Joe Biden said at an ABC town hall on Thursday night that he will come out with a clear position on court packing by Election Day, but that his answer on the issue will depend on how the confirmation of Amy Coney Barrett to the Supreme Court is "handled."

The state of play: Biden said he has "not been a fan" of expanding the court because it would change the court's makeup depending on who the president is. But he signaled he would be "open to considering what happens" if Republicans push through Barrett's confirmation before the election without proper debate in the Senate.

Why it matters: Some congressional Democrats have suggested expanding the court if Senate Republicans confirm Trump's Supreme Court nominee during an election year — which they refused to do for former President Obama's nominee in 2016.

What he's saying: Asked by ABC's George Stephanopoulos whether he was open to expanding the court if the Senate votes on Barrett's confirmation before Election Day, Biden said: "I'm open to considering what happens from that point on."

  • Pressed on whether voters have a right to know where he stands on the issue, Biden said "they do have a right to know where I stand, and they'll have a right to know before they vote."
  • Biden added, "no matter what answer I gave you, if I say it, that's the headline tomorrow. It won't be about what's going on now: the improper way they're proceeding."

Go deeper

Senate Dems will boycott vote to advance Judge Amy Coney Barrett

Supreme Court nominee Amy Coney Barrett. Photo: Stefani Reynolds/Getty Images

Senate Democrats are expected to boycott Supreme Court nominee Amy Coney Barrett’s Thursday Judiciary Committee vote, Senate Majority Leader Chuck Schumer announced on Wednesday.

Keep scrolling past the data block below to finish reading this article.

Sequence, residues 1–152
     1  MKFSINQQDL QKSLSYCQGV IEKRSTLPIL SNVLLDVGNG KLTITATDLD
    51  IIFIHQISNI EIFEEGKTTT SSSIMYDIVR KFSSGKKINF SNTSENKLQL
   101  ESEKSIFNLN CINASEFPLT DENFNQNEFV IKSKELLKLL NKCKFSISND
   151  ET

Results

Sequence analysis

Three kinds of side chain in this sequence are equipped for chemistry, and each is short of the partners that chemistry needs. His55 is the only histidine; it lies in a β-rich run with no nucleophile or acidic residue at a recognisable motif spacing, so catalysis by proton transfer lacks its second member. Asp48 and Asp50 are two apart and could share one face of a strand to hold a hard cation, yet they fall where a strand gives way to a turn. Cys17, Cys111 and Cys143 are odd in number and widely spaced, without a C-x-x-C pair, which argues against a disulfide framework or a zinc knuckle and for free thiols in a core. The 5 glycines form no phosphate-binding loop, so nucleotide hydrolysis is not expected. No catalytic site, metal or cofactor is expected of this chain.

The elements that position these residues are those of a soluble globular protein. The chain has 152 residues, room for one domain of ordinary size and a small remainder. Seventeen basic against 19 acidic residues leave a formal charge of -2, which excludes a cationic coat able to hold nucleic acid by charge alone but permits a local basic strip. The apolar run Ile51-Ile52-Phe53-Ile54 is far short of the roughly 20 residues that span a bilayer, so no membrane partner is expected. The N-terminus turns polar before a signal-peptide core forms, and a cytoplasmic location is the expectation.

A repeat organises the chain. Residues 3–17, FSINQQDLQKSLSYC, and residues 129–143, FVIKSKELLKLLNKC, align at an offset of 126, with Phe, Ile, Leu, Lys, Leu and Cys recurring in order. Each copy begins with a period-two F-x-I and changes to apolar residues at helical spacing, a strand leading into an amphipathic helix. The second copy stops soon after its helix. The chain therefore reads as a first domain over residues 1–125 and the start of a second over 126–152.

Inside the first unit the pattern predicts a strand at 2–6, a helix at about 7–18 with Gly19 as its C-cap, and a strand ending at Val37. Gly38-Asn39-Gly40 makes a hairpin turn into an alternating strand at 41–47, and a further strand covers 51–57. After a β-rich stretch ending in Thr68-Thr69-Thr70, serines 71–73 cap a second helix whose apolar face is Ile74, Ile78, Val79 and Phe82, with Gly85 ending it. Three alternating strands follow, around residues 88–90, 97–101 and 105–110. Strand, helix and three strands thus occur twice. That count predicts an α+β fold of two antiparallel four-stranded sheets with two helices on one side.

The big picture: The boycott will not prevent Barrett from moving forward in the nomination process, but the largely symbolic display is a symptom of Democrats and Republicans’ clashing over President Trump’s Supreme Court pick.

Senate Judiciary advances Amy Coney Barrett nomination

Photo: Anna Moneymaker/Pool/AFP via Getty Images

The Senate Judiciary Committee on Thursday advanced the nomination of Amy Coney Barrett to the Supreme Court despite a boycott by Democratic senators.

The big picture: The 12 Republicans on the panel voted in favor of advancing the nomination while the committee's 10 Democrats submitted no votes. Democrats instead placed enlarged photos of Affordable Care Act beneficiaries in their seats, drawing attention to the upcoming Supreme Court case on the legislation. A full Senate vote on Barrett's nomination is set for Oct. 26.

Updated Oct 22, 2020 - Politics & Policy

Supreme Court blocks Alabama curbside voting measure

Photo: Mark Wilson/Getty Images

The Supreme Court on Wednesday evening blocked a lower court order that would have allowed voters to cast ballots curbside at Alabama polling places on Election Day.

Whit it matters: With less than two weeks until Election Day, the justices voted 5-3 to reinstate the curbside voting ban and overturn a lower court judge's ruling designed to protect people with disabilities during the coronavirus pandemic.

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